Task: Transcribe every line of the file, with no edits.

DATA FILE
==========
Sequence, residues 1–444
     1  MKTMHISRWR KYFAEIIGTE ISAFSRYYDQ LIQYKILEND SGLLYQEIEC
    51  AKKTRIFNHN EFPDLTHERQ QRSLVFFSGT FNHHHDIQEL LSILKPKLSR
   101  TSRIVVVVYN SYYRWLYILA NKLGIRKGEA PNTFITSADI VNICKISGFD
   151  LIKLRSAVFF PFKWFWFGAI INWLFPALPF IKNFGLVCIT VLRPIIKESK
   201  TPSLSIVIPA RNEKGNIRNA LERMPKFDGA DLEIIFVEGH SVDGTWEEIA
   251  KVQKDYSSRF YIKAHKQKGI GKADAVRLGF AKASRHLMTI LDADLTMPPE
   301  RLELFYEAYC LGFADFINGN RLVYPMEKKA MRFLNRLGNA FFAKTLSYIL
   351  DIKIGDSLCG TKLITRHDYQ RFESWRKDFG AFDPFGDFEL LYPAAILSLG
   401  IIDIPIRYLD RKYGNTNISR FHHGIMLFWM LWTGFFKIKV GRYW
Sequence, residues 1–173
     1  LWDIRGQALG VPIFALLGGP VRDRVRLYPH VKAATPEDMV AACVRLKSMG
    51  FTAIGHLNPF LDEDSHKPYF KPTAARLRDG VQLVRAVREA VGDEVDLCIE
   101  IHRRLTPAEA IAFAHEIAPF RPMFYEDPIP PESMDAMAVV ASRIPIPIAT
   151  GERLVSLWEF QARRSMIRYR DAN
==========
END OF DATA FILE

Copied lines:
Sequence, residues 1–444
     1  MKTMHISRWR KYFAEIIGTE ISAFSRYYDQ LIQYKILEND SGLLYQEIEC
    51  AKKTRIFNHN EFPDLTHERQ QRSLVFFSGT FNHHHDIQEL LSILKPKLSR
   101  TSRIVVVVYN SYYRWLYILA NKLGIRKGEA PNTFITSADI VNICKISGFD
   151  LIKLRSAVFF PFKWFWFGAI INWLFPALPF IKNFGLVCIT VLRPIIKESK
   201  TPSLSIVIPA RNEKGNIRNA LERMPKFDGA DLEIIFVEGH SVDGTWEEIA
   251  KVQKDYSSRF YIKAHKQKGI GKADAVRLGF AKASRHLMTI LDADLTMPPE
   301  RLELFYEAYC LGFADFINGN RLVYPMEKKA MRFLNRLGNA FFAKTLSYIL
   351  DIKIGDSLCG TKLITRHDYQ RFESWRKDFG AFDPFGDFEL LYPAAILSLG
   401  IIDIPIRYLD RKYGNTNISR FHHGIMLFWM LWTGFFKIKV GRYW
Sequence, residues 1–173
     1  LWDIRGQALG VPIFALLGGP VRDRVRLYPH VKAATPEDMV AACVRLKSMG
    51  FTAIGHLNPF LDEDSHKPYF KPTAARLRDG VQLVRAVREA VGDEVDLCIE
   101  IHRRLTPAEA IAFAHEIAPF RPMFYEDPIP PESMDAMAVV ASRIPIPIAT
   151  GERLVSLWEF QARRSMIRYR DAN